Bin Laden disastrously misjudged the possible U.S. responses to the September 11 attacks, which he believed would take one of two forms: an eventual retreat from the Middle East along the lines of the U.S. pullout from Somalia in 1993 or another ineffectual round of cruise missile attacks similar to those that followed al-Qaeda’s bombings of American embassies in Kenya and Tanzania in 1998. Neither of these two scenarios happened. The U.S. campaign against the Taliban was conducted with pinpoint strikes from American airpower, tens of thousands of Northern Alliance forces (a loose coalition of mujahideen militias that maintained control of a small section of northern Afghanistan), and more than 300 U.S. Special Forces soldiers on the ground working with 110 officers from the Central Intelligence Agency (CIA). In November, just two months after the September 11 attacks, the Taliban fell to the Northern Alliance and the United States. Still, it was just the beginning of what would become the longest war in U.S. history, as the United States tried to prevent the return of the Taliban and their al-Qaeda allies.
In December 2001, faced with the problem of where to house prisoners as the Taliban fell, the administration decided to hold them at Guantánamo Bay, which the U.S. had been leasing from Cuba since 1903. As Secretary of Defense Donald Rumsfeld put it on December 27, 2001, “I would characterize Guantánamo Bay, Cuba, as the least worst place we could have selected.” Guantánamo was attractive to administration officials because they believed it placed the detainees outside the reach of American laws, such as the right to appeal their imprisonment, yet it was only 90 miles (145 km) off the coast of Florida, making it accessible to the various agencies that would need to travel there to extract information from what was believed to be a population of hundreds of dangerous terrorists. Eventually, some 800 prisoners would be held there, although the prison population was reduced to less than 175 by the time of the 10th anniversary of the September 11 attacks.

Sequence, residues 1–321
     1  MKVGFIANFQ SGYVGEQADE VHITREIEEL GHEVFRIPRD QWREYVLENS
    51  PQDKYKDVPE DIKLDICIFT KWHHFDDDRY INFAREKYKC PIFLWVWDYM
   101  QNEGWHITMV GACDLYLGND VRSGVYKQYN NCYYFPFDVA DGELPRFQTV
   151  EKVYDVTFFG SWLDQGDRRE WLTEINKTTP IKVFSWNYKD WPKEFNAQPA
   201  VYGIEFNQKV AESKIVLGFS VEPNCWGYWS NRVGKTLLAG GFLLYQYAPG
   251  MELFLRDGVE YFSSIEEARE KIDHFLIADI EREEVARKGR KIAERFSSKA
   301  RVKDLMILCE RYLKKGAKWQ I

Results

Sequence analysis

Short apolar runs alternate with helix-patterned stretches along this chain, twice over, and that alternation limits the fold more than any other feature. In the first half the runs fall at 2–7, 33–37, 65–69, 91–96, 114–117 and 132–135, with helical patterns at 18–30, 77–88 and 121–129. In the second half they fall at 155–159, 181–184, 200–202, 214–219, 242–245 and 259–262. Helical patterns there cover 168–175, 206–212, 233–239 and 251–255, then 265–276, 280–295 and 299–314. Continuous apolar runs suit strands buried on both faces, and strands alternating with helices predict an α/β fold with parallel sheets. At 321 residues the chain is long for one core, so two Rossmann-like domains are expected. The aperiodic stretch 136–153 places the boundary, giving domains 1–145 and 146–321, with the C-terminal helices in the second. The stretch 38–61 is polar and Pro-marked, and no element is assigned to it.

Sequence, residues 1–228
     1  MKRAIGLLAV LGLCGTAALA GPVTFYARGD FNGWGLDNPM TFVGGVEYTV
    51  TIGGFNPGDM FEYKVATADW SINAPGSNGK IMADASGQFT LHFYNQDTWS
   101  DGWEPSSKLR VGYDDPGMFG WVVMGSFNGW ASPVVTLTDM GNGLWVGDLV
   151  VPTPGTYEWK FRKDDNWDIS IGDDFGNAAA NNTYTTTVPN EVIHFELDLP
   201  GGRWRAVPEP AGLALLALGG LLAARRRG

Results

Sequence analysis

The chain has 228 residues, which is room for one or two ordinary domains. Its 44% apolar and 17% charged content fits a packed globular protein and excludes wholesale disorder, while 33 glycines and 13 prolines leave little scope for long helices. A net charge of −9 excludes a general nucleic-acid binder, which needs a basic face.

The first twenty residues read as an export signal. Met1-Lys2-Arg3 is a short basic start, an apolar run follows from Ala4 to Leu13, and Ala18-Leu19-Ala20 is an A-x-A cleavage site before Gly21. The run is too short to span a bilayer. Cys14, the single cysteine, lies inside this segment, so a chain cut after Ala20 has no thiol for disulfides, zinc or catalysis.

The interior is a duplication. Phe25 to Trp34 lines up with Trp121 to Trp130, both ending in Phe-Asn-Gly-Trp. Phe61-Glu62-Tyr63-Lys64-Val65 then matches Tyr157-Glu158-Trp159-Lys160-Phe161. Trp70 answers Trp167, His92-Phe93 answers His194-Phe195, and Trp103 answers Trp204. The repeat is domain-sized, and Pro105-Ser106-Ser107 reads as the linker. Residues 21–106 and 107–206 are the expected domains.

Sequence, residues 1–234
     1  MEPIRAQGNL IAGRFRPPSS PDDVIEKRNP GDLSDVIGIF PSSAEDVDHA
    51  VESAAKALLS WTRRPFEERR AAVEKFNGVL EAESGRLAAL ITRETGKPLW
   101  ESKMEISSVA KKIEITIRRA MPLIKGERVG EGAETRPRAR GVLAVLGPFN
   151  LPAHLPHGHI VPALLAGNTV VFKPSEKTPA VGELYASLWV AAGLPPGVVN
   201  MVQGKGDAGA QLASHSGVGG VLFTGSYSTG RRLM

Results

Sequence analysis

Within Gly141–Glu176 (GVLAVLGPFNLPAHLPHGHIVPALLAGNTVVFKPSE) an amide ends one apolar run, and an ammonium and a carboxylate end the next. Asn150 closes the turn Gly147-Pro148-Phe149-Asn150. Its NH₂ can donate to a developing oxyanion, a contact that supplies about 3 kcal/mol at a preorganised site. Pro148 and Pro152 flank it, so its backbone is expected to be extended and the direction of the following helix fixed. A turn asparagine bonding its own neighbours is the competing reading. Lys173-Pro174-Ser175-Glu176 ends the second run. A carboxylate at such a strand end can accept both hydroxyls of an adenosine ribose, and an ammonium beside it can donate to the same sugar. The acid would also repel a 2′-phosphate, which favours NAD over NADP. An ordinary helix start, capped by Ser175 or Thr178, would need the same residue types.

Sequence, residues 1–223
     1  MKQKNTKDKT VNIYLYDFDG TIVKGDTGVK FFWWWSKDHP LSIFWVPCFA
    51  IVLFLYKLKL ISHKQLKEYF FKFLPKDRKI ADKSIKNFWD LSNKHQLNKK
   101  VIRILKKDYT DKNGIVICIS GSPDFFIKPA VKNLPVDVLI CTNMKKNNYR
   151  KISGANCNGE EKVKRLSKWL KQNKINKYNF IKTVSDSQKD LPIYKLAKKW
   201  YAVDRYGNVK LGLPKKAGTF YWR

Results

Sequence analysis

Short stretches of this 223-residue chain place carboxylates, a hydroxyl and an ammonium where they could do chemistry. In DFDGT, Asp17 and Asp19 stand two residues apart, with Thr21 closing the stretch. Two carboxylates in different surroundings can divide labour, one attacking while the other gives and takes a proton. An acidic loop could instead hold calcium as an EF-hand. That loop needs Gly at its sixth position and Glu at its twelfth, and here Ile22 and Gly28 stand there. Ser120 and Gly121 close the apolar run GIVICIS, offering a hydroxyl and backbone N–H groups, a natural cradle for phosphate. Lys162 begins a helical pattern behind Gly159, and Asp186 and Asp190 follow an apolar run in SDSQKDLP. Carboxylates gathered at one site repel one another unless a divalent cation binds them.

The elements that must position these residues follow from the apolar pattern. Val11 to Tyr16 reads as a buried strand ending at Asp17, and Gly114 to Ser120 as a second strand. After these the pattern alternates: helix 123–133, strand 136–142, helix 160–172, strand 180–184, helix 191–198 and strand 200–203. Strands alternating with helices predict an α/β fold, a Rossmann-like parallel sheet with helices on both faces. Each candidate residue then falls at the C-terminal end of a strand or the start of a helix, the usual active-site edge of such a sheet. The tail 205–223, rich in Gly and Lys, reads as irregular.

In his State of the Union speech on January 29, 2002, President Bush laid out a new doctrine of preemptive war, which went well beyond the long-established principle that the United States would go to war to prevent an adversary launching an attack that imminently threatened the country. Bush declared:
I will not wait on events while dangers gather. I will not stand by as peril draws closer and closer. The United States of America will not permit the world’s most dangerous regimes to threaten us with the world’s most destructive weapons.
Bush identified those dangerous regimes as an "axis of evil" that included Iran, Iraq, and North Korea. At the graduation ceremony for West Point cadets on June 1, 2002, Bush elaborated on his preemptive war doctrine, saying to the assembled soon-to-be graduates and their families, “If we wait for threats to fully materialize, we will have waited too long.” Bush believed that there would be a “demonstration effect” in destroying Saddam Hussein’s regime in Iraq that would deter groups like al-Qaeda or indeed anyone else who might be inclined to attack the United States. Undersecretary of Defense Douglas J. Feith later explained,